Younger people are earning bachelor’s degrees in education at a far lower rate than older age groups, and gender gaps in science and engineering have narrowed, new Census data show. Nationwide, just 8.9 percent of 25- to 39-year-olds with bachelor’s degrees studied education, compared with 12.7 percent of 40- to 64-year-olds and 23.5 percent of people aged 65 and older, according to the U.S. Census Bureau’s 2015 American Community Survey five-year estimates.
While Connecticut teachers and aides have seen their compensation inch upward over two decades, their salaries alone have lost ground relative to inflation. That’s because employer spending on benefits, including retirement and health insurance, has grown as slice of overall compensation costs.
Connecticut is experiencing economic segregation that inhibits economic mobility— a detriment not only to the pursuit of equal opportunity for children in these communities, but to the state’s future workforce and economic success as well.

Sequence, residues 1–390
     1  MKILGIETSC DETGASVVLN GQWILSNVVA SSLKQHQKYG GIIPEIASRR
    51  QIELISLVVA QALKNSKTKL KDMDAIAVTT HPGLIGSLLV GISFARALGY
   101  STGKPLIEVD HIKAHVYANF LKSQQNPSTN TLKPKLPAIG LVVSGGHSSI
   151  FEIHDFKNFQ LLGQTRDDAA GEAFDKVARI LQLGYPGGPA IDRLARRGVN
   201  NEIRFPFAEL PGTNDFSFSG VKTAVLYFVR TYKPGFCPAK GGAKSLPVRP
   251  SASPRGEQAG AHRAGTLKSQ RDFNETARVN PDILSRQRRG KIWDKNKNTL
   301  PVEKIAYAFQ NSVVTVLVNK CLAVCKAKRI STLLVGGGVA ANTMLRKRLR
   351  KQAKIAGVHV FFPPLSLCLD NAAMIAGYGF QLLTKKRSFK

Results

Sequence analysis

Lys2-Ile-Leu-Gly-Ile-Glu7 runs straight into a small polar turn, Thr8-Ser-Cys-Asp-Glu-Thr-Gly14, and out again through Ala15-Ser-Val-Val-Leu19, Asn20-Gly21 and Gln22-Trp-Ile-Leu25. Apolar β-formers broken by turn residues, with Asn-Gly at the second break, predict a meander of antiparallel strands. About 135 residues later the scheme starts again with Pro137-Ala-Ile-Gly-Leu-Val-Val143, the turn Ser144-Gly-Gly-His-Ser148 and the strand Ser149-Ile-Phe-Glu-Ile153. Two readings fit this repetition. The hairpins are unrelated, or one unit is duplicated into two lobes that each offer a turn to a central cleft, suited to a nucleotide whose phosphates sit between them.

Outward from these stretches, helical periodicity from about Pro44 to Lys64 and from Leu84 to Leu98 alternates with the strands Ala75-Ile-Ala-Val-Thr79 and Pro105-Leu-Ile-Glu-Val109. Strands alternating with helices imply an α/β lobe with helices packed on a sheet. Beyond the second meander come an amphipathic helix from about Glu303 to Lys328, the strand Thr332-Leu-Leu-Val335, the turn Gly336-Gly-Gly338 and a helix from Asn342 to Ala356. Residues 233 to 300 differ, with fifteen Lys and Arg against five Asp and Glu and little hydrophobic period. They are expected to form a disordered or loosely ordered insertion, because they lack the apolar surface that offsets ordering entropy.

The scorecard is useful to measure larger, older colleges that reflects traditional norms but the variables the Department of Education decided to focus on doesn’t capture the level of nuance to truly understand smaller colleges. The scorecard did not rank or grade colleges against each other because of this because such direct comparisons would not be fair or accurate.
At TrendCT, we often have questions about where to get education-related datasets — and our first step is to ask Connecticut Mirror education reporter Jacqueline Rabe Thomas. Instead of keeping her knowledge to ourselves, we asked her to share her resources with TrendCT readers.
Which racial and ethnic groups improved? And which subjects did students struggle on? And perhaps the most interesting one of all: How did the teaching of U.S. history, civics and geography change in the past four years?